And shall not uncircumcision which is by nature, if it fulfil the law, judge thee, who by the letter and circumcision dost transgress the law?
For he is not a Jew, which is one outwardly; neither is that circumcision, which is outward in the flesh:
28. he is not a Jew which is one outwardly, &c.—In other words, the name of "Jew" and the rite of "circumcision" were designed but as outward symbols of a separation from the irreligious and ungodly world unto holy devotedness in heart and life to the God of salvation. Where this is realized, the signs are full of significance; but where it is not, they are worse than useless.
Note, (1) It is a sad mark of depravity when all that is designed and fitted to melt only hardens the heart (Ro 2:4, and compare 2Pe 3:9; Ec 8:11). (2) Amidst all the inequalities of religious opportunity measured out to men, and the mysterious bearing of this upon their character and destiny for eternity, the same great principles of judgment, in a form suited to their respective discipline, will be applied to all, and perfect equity will be seen to reign throughout every stage of the divine administration (Ro 2:11-16). (3) "The law written on the heart" (Ro 2:14, 15)—or the Ethics of Natural Theology—may be said to be the one deep foundation on which all revealed religion reposes; and see on Ro 1:19, 20, where we have what we may call its other foundation—the Physics and Metaphysics of Natural Theology. The testimony of these two passages is to the theologian invaluable, while in the breast of every teachable Christian it wakens such deep echoes as are inexpressibly solemn and precious. (4) High religious professions are a fearful aggravation of the inconsistencies of such as make them (Ro 2:17-24). See 2Sa 12:14. (5) As no external privileges, or badge of discipleship, will shield the unholy from the wrath of God, so neither will the want of them shut out from the kingdom of heaven such as have experienced without them that change of heart which the seals of God's covenant were designed to mark. In the sight of the great Searcher of hearts, the Judge of quick and dead, the renovation of the character in heart and life is all in all. In view of this, have not all baptized, sacramented disciples of the Lord Jesus, who "profess that they know God, but in works deny Him," need to tremble—who, under the guise of friends, are "the enemies of the cross of Christ?"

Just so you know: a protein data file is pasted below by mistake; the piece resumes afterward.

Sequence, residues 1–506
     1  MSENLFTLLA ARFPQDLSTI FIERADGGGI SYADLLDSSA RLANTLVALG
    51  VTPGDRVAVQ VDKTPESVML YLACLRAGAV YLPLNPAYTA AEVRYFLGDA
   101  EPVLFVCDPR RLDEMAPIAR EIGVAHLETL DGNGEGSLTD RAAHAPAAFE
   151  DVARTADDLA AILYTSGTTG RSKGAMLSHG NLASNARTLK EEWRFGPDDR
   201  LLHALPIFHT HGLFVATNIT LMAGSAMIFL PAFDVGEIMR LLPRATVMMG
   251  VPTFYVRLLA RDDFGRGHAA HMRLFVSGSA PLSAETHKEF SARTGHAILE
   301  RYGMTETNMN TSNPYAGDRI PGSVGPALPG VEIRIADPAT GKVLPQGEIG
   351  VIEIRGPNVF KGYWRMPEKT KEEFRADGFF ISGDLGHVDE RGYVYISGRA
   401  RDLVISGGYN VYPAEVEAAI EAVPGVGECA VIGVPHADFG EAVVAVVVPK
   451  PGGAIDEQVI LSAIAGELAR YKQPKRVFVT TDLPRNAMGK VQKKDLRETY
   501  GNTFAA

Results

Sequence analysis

But he is a Jew, which is one inwardly; and circumcision is that of the heart, in the spirit, and not in the letter; whose praise is not of men, but of God.